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in Tobago (Fisheries Division, unpublished data; Potts et al., 2002). On average, there are five crew members per vessel on board the Trinidad fleet, and three on board the Tobago fleet. The snapper resource is the most commercially valuable component of the hard-substrate groundfish fishery. Over the period from 1995 to 2006, estimated annual landings of snapper by the artisanal, multigear fleet in Trinidad varied between 200 and 550 tonnes and accounted for between 30 and 74% of annual landings in the hard-substrate demersal fishery (Figure 3b). Annual landings from this fishery have varied between 310 and 1 250 tonnes, with a substantial decline from 1 251 tonnes in 1995 to 392 tonnes in 2006. Exports of snappers are grouped with shark, croaker, grouper, seatrout and dolphinfish in the records of the Central Statistical Office. Between 1997 and 2003 average annual exports for the group declined from 1 329 tonnes to 500 tonnes, with a US$0.98 million reduction in value. In the 1980s, the fishery expanded to the offshore continental shelf on the east coast of Trinidad due to the increasing importance of the export market. The fishery almost exclusively supports the export market for red snapper. Snappers are also landed as trawler bycatch from the soft-substrate demersal fishery operating on the west and south coasts of Trinidad or as gillnet bycatch from the coastal pelagic fishery operating in shallow waters off the south coast of Trinidad. During periods of consistently low shrimp catches snappers may also be targeted by industrial trawlers. Snapper resources on the east and north coasts of Trinidad are, however, illegally caught by vessels from neighbouring countries which use both handlines and longlines. In the case of Venezuela (Bolivarian Republic of), a 1997 bilateral agreement between the governments of Trinidad and Tobago and this country designated the area outside of two miles from the southern coastline of Trinidad and northeastern Venezuela (Bolivarian Republic of) as a Joint Fisheries Management Regime Area (Maharaj and Rivas, 1997). This arrangement is still in place. 2.3 the coastal pelagic fishery The coastal pelagic fishery targets Scombridae species, Serra Spanish mackerel (Scomberomorus brasiliensis) and king mackerel (Scomberomorus cavalla), in Trinidad, and Exocoetidae (mainly Hirundichthys affinis), Coryphaenidae (Coryphaena hippurus), wahoo (Acanthocybium solandri), bigeye scad (Selar crumenophthalmus) and round scad (Decapterus sp.) in Tobago. The bycatch in Trinidad is comprised of Clupeidae, Engraulidae, Belonidae, Carangidae, Pomatomidae, Elasmobranchii (e.g. Sphyrna tudes, Rhizoprionodon lalandii, Carcharhinus porosus and C. limbatus), Selene vomer, Oligoplites saurus, Diapterus rhombeus, Selene spixii, Caranx hippos and Caranx crysos (Henry and Martin, 1992). As shown in Figure 3c, Serra Spanish mackerel dominates catches from the fishery in Trinidad, accounting for between 21 and 37% of estimated annual landings from 1995 to 2006. Overall annual landings in the coastal pelagic fishery have varied between 4 300 and 10 000 tonnes, but only exceeded 9 000 tonnes in 2002 and 2005.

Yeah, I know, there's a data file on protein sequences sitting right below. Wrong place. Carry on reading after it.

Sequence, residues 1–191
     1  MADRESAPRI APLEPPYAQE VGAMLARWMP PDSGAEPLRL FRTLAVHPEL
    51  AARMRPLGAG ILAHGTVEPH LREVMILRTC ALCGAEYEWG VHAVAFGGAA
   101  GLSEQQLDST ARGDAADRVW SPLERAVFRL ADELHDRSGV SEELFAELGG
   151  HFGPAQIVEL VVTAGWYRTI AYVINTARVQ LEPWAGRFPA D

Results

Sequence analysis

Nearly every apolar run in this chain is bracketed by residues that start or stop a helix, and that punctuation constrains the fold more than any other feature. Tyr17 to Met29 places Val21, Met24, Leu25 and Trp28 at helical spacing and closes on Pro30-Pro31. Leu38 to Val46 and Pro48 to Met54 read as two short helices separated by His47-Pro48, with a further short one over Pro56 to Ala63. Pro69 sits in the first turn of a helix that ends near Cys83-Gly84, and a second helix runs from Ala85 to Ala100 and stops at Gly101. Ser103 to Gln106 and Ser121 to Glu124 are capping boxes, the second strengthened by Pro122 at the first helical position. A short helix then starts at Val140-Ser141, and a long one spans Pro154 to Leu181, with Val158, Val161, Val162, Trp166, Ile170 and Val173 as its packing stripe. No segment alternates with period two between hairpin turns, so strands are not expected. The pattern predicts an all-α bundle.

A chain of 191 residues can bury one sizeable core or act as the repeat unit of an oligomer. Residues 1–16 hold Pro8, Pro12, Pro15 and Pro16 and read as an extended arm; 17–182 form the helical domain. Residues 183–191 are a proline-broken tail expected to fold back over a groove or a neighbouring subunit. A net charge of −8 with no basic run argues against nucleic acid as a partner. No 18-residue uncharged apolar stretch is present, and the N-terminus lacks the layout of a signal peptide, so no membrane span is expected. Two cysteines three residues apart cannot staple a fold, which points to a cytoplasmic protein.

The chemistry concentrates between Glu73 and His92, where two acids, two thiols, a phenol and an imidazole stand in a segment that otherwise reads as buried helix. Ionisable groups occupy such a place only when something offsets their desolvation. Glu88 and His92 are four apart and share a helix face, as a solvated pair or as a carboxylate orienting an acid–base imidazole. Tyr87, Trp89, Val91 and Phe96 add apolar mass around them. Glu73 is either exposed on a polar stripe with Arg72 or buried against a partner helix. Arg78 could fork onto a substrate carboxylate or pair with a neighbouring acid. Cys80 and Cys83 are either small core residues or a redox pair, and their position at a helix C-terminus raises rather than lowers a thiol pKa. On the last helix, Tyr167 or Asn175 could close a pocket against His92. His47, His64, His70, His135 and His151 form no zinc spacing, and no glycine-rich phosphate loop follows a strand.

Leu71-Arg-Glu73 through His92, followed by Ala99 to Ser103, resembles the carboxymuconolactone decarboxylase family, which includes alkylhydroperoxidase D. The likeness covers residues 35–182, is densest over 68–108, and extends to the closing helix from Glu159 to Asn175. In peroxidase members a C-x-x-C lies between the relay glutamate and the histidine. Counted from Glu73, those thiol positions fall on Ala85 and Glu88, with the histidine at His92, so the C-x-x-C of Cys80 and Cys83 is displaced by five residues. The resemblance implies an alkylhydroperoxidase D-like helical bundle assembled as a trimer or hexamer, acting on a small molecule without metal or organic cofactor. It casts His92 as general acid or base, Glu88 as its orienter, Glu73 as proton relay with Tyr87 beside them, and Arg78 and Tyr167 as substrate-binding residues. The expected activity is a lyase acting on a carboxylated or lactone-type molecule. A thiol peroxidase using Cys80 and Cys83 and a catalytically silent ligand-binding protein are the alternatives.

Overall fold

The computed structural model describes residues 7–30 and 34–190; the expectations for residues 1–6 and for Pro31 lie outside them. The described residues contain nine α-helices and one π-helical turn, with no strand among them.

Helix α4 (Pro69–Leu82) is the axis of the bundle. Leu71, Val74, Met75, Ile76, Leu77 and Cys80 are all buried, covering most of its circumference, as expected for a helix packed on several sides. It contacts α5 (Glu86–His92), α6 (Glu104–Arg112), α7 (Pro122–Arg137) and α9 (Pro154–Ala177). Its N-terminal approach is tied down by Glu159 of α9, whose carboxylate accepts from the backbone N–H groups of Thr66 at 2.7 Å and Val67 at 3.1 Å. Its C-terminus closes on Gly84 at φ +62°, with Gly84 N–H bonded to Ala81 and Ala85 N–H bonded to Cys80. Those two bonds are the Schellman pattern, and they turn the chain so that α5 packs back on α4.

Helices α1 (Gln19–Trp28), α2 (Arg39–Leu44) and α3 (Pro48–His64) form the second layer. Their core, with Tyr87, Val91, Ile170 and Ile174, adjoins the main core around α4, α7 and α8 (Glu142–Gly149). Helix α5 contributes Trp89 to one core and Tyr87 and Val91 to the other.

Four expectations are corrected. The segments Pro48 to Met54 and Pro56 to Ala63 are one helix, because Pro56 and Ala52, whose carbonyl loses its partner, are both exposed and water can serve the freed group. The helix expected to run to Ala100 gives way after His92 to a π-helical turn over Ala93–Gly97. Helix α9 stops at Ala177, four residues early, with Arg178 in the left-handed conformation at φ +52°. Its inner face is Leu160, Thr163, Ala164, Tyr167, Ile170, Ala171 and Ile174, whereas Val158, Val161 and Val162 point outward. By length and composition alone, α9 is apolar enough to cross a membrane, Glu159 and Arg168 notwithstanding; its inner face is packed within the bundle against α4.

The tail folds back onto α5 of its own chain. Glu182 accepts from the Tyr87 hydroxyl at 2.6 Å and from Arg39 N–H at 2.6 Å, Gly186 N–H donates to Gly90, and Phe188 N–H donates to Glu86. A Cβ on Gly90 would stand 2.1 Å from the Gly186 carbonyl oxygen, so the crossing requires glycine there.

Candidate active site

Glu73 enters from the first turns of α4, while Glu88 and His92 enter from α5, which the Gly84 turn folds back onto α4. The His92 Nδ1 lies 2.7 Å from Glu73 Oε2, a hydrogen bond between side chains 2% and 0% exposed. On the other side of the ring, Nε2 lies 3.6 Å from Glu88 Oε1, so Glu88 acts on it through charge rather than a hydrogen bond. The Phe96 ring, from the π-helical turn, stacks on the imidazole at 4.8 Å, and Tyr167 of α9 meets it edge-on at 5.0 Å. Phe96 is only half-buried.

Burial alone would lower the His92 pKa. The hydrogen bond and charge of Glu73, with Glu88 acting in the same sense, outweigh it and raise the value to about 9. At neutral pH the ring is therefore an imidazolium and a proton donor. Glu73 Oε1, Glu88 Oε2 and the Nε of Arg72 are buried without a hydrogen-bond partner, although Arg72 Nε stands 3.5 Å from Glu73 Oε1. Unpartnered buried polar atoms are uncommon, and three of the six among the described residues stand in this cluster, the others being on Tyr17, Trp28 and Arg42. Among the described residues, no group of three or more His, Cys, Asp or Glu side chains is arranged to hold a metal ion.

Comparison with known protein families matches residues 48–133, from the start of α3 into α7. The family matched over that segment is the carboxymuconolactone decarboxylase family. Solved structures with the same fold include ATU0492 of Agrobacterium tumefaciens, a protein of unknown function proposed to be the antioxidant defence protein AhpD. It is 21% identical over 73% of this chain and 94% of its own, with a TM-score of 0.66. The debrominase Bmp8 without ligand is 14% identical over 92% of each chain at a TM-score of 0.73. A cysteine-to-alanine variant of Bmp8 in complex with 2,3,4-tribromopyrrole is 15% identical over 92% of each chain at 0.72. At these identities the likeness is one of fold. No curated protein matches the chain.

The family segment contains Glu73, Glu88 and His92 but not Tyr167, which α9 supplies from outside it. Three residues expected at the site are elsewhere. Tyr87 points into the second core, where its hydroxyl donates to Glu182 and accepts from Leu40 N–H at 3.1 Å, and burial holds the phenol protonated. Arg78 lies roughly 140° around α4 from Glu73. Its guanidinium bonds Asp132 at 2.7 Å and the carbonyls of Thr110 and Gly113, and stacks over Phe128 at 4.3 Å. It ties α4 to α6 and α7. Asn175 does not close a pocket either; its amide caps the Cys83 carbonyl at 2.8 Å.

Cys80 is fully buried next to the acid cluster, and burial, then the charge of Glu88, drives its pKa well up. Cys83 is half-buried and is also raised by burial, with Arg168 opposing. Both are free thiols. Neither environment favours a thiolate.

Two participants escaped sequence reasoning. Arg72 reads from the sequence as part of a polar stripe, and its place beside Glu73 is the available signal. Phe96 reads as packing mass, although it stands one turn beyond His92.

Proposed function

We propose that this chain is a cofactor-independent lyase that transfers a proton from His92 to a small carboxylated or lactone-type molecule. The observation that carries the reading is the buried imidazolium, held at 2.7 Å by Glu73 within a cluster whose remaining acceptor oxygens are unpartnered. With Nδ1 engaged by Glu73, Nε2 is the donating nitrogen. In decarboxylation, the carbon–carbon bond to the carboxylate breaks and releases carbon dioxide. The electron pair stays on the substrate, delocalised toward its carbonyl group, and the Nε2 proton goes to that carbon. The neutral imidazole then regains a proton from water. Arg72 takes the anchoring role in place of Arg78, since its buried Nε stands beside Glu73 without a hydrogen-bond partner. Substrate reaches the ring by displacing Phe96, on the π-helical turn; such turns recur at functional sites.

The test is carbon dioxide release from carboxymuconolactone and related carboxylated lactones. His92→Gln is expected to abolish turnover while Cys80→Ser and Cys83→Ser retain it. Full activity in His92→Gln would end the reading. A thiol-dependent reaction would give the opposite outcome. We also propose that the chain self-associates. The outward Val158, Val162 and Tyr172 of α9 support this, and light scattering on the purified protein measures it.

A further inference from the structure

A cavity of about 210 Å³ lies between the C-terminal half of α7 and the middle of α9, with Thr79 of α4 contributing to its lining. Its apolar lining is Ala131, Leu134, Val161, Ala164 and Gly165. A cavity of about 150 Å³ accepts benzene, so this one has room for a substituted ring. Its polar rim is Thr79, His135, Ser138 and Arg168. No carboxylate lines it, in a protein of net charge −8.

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Figure 3